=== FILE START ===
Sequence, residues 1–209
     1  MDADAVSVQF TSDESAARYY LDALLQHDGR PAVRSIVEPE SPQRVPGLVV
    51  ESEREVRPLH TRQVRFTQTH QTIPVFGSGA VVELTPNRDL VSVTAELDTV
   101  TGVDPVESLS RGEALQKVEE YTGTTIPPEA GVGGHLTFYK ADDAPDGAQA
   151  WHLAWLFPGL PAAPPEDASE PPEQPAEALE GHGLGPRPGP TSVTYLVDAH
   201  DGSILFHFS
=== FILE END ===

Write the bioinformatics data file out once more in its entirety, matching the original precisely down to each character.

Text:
Sequence, residues 1–209
     1  MDADAVSVQF TSDESAARYY LDALLQHDGR PAVRSIVEPE SPQRVPGLVV
    51  ESEREVRPLH TRQVRFTQTH QTIPVFGSGA VVELTPNRDL VSVTAELDTV
   101  TGVDPVESLS RGEALQKVEE YTGTTIPPEA GVGGHLTFYK ADDAPDGAQA
   151  WHLAWLFPGL PAAPPEDASE PPEQPAEALE GHGLGPRPGP TSVTYLVDAH
   201  DGSILFHFS